Etta:     I wanted to bring us around to a question that builds from what you’re getting into now. Question isn’t really the right word—it’s really a topic. Privilege. You are very fortunate that you were able to do that trip, and you’re free to do the volunteer work now. What advice do you have for people who may not have that freedom. Just based on your ability to listen and to be mindful – I’m curious what advice you would give to people who might feel bored or stagnant or not alive anymore? about their ability to do something? Is there some advice that you would give to them, based on what you’re doing now?

Tina:    I would just say for someone who thinks, “I’d love to travel. I’d love to do what you did, but I have to work,” or, “I am not working now but I don’t have the funds to do that,” go back to what I mentioned earlier about The Art of Pilgrimage by Phil Cousineau. I would highly recommend checking this book out. When Cousineau says, “anything,” can be a pilgrimage, I think we can think of it in terms that fit our own particular situation. Perhaps an overnight stay at a state or national park would fit better with someone’s schedule or financial situation.

Anything that we find ourselves doing throughout the day can feel meaningful and even spirit-filled, but I think sometimes our lives are so full that a lot of the time we don’t really have the chance to say, “what would I really be doing if I could do things that add meaning to my life? What gets me excited? What would I do if no one else was in the position to judge me?” I would tell people to really look introspectively and ask, “what’s truly meaningful to me?”

And if it requires time that I’m short on, or a budget that I’m short on, start collaborating with others, asking them these questions as well. Getting into these types of discussions is a really good starting point.

Etta:     I’m wondering if someone who may be working 8 to 5 and they feel like they can’t leave that, and they feel stuck . . .

Tina:    But reaching out or being with someone else can help motivate a person, once they have figured out what it is that turns them on. Let’s say they love to hike. They don’t have a lot of time to hike. But you know there’s lots of hiking around Missouri and Northwest Arkansas. So you find out if there are any hiking clubs in your area or documentaries that are coming to the area. Really, it depends on having a desire to figure it out first.

Collaboration & Moving On

Tina and Paul with the book, Silence is Spoken Here

Etta:     To conclude I want to circle back to a couple of things about the trip and the book I first mentioned–that are related to your relationship—not to make you say anything bad about Paul—just to kind of understand the collaboration about your book, Silence is Spoken Here.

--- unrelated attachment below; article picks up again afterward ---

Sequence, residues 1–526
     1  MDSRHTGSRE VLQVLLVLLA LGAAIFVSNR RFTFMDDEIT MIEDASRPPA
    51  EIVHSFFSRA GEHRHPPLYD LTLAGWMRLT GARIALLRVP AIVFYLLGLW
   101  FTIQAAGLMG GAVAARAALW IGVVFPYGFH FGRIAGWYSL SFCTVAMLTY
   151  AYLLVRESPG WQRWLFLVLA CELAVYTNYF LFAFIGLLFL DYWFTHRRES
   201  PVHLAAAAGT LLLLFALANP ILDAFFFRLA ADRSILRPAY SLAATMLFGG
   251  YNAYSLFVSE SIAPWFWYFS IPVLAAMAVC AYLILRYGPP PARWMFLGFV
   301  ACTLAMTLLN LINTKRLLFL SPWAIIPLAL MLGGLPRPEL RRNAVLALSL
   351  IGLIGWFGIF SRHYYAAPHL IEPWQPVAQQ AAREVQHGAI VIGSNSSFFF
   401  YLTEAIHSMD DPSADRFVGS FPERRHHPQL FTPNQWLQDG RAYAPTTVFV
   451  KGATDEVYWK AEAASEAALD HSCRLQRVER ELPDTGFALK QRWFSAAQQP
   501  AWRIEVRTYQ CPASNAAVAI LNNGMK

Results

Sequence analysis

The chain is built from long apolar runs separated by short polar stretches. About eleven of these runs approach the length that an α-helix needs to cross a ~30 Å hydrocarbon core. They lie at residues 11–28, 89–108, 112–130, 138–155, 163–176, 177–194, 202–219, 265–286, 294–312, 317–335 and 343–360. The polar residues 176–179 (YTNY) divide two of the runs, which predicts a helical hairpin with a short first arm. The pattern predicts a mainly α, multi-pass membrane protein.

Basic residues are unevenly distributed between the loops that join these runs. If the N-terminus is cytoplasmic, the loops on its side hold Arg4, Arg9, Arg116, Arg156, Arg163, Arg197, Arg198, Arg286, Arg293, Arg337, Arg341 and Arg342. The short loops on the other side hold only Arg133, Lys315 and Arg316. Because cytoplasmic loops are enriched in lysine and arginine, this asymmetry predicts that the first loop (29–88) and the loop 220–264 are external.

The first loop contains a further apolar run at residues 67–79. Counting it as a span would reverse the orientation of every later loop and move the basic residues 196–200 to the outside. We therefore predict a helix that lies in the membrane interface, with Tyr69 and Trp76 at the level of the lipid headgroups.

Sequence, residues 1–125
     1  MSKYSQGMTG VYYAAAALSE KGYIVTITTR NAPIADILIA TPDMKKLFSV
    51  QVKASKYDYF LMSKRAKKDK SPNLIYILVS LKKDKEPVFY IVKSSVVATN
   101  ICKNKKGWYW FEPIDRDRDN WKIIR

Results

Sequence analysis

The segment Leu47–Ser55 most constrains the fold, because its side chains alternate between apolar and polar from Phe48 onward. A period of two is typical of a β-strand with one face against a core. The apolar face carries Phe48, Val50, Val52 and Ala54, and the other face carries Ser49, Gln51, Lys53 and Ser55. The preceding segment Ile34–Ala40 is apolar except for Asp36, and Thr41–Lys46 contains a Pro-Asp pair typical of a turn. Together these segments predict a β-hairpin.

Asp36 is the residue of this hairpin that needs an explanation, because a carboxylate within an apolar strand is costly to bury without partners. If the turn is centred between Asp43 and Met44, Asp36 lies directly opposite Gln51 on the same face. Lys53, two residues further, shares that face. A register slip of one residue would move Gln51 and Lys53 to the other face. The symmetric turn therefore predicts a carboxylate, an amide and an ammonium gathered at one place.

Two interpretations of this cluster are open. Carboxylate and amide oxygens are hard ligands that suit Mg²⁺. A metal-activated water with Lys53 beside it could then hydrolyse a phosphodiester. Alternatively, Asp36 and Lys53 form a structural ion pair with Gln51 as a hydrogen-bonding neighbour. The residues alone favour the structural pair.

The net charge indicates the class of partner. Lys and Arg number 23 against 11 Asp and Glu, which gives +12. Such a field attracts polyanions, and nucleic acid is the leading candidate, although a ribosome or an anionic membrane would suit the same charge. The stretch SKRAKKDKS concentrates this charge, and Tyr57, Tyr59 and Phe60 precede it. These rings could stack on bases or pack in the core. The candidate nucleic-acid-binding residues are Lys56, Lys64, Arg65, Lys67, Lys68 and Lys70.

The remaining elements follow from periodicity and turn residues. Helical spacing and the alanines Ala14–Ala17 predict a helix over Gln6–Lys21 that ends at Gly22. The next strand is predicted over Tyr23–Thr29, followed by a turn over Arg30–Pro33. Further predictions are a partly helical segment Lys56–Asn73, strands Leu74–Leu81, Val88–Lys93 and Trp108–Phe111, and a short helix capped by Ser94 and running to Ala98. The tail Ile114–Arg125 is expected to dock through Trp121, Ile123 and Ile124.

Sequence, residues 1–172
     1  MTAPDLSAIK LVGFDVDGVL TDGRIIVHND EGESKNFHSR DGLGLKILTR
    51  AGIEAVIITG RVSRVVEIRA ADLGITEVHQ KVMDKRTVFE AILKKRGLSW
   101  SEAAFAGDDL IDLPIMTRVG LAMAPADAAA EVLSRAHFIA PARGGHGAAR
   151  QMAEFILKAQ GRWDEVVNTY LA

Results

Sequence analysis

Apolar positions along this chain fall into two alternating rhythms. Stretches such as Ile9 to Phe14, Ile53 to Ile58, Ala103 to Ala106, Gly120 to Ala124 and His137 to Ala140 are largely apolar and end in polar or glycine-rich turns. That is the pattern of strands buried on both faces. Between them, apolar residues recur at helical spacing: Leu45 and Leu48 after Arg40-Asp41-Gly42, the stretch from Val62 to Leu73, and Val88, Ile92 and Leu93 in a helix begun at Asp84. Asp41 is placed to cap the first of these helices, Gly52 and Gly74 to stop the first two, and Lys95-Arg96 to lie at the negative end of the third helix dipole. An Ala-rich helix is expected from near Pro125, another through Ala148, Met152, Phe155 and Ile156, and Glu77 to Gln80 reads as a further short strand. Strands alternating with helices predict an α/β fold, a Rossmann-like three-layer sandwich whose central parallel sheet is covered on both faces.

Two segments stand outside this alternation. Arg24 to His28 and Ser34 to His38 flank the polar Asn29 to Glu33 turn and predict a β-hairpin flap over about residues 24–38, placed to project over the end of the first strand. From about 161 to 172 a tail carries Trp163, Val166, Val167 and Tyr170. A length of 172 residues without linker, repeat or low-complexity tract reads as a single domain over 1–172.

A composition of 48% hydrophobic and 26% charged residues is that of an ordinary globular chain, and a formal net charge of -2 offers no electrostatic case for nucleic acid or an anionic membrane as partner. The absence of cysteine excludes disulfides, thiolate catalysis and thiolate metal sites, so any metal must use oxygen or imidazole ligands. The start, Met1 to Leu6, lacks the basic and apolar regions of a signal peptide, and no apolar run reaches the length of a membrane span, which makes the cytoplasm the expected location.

Tina:    The original plan was for me to do the written part of the book. I was going to use the talent that I don’t have any of, because I have no experience in that area! I can diagram a sentence pretty well. I know my grammar pretty well. But then when it came down to it, I felt so unqualified that Paul finally just said he would do the whole thing. He doesn’t have any experience with writing either, but he doesn’t carry my perfectionist attitude about it all. So Paul ended up taking the photos, editing them, creating the written content, and then he proceeded to educate himself on how to self-publish. He really ended up doing it all.

Etta:    Did you help with selecting the photos?

Tina:    It was a collaborative process in that respect, and I did do some proofreading, but most of my part was just with the logistics of the trip itself.

Etta:     The collaboration was in that you planned the journey, and you were on it?

Tina:    Yes. It wasn’t like I helped throughout the whole project. He managed the whole project. I felt like I was with him on the journey—the physical journey—and then we got home, and I kind of stepped aside. And he said, “it’s no problem.” And I moved on. I moved into the volunteer work at Magdalene Serenity House. It all happened when I could start the spiritual direction certification, so it allowed me to really say, “yes,” to that. And I could jump in with both feet.

“Jumping in with both feet”

 I hope you’ve enjoyed this interview and that it helps you think about your own journey. Is there something you have yet to do? Would you “jump in with both feet”?  Is there someone you know who has similarly jumped into something new?

I’d love to have your ideas or suggestions for future posts about people who have followed interesting “later vocations.”  (“Later” doesn’t mean “old people”–it means taking new steps beyond those earlier career or life paths of young adulthood. . . .)

And, if you haven’t yet, sign up to follow my blog so you’ll receive an email when a new post appears. 

 

Traveling to Trappist Monasteries: An Interview with Paul Green

Tina Moore, at one of many campfires she and Paul Green shared during their journey

What if your partner or spouse asked you to quit your job so that you could travel? What if that seed of an idea they planted casually one day started to germinate? Would you let it keep growing until it flowered and came to fruition?

Paul Green did. And he did it with intention. As he explained to me, his wife Tina asked him in May of 2014 to consider this big step. He gave notice to his employers in August of 2014 and by the next March, he and Tina set out on a three-part journey visiting 17 Trappist monasteries scattered throughout the US. Part of the results of those travels appear in his book, Silence is Spoken Here. Filled with beautiful photos, the pages only hint at the motivations for the journey.